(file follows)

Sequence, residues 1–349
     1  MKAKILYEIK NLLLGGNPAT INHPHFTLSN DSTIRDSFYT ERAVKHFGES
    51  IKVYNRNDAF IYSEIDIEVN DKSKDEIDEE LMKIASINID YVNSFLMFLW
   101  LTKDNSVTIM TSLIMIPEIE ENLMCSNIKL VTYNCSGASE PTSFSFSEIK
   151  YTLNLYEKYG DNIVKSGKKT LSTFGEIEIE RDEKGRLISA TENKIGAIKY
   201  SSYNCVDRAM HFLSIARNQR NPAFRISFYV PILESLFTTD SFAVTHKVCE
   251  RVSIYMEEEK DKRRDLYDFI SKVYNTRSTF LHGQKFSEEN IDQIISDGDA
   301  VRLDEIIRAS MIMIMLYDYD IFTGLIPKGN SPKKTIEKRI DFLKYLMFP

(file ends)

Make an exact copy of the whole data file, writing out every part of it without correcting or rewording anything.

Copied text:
Sequence, residues 1–349
     1  MKAKILYEIK NLLLGGNPAT INHPHFTLSN DSTIRDSFYT ERAVKHFGES
    51  IKVYNRNDAF IYSEIDIEVN DKSKDEIDEE LMKIASINID YVNSFLMFLW
   101  LTKDNSVTIM TSLIMIPEIE ENLMCSNIKL VTYNCSGASE PTSFSFSEIK
   151  YTLNLYEKYG DNIVKSGKKT LSTFGEIEIE RDEKGRLISA TENKIGAIKY
   201  SSYNCVDRAM HFLSIARNQR NPAFRISFYV PILESLFTTD SFAVTHKVCE
   251  RVSIYMEEEK DKRRDLYDFI SKVYNTRSTF LHGQKFSEEN IDQIISDGDA
   301  VRLDEIIRAS MIMIMLYDYD IFTGLIPKGN SPKKTIEKRI DFLKYLMFP